Costly learning faces own credit crunch

16th October 2009 at 01:00
Brenda Gourley has just retired as vice-chancellor of the Open University. This is an extract from the University of the Highlands and Islands annual lecture, delivered in Stornoway last month on her final day in post

We live in extraordinary times. But, even before the financial crisis, we knew we were not doing well enough in terms of addressing the numbers needing education. We haven't enough schools, we haven't enough universities and we haven't enough teachers and academics. What can be done?

It is clear that, financially, building the vast infrastructure required by traditional bricks-and-mortar universities, colleges and schools to meet the demand is simply not a viable proposition

The blurring of public-private boundaries, the blurring of distance and residential, and the blurring of full-time and part-time study are all manifestations of an underlying metamorphosis in higher education. The question is whether this transformation is happening quickly enough and whether technology can help us.

These changes have at least promoted intense competition - between nations, economies and even universities - which is less and less respectful of national boundaries. And if you think competition is strong now, you ain't seen nothing yet!

As the demand for higher education worldwide becomes ever more critical, of course more and more private sector businesses are moving into the market. And thank goodness for that. It helps. Indeed, some countries have strategies which promote the private sector in order to meet the need, for example Malaysia and Vietnam. We now have "corporate" universities which can tailor the material to their own preferred outcomes, and private for- profit providers such as US-owned Kaplan Inc and the University of Phoenix.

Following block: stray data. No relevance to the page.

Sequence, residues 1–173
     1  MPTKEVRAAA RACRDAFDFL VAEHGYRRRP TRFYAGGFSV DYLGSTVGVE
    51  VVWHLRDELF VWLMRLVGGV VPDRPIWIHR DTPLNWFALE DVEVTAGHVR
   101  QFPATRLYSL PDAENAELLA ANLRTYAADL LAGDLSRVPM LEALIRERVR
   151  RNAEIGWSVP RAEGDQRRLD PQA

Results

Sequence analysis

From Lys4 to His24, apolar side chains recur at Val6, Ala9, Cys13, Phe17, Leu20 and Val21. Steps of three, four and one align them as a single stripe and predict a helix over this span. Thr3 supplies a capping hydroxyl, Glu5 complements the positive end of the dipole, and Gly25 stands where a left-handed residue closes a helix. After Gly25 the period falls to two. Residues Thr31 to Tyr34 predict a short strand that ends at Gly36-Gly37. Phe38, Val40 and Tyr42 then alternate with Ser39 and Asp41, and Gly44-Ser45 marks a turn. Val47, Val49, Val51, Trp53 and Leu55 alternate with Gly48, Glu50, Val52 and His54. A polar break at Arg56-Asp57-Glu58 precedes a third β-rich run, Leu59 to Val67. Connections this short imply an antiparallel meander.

According to a recent Universities UK report on private universities, over one in three students globally is now studying in the private sector. And as competition gets tougher in a tough financial climate, there is no doubt they change the game.

They are even changing the game in that most fundamental terrain of a university - research. Take InnoCentive, founded by the pharmaceutical firm Eli Lilly in 2001, the first global web community for open innovation which enables scientists, engineers, professionals and entrepreneurs to collaborate with Ramp;D-driven organisations to deliver breakthrough solutions.

Let us also note the example of Google, which is four years into the mammoth task of making digital copies of some of the world's largest university library collections. The point is, we don't have to go to the library: the library comes to us.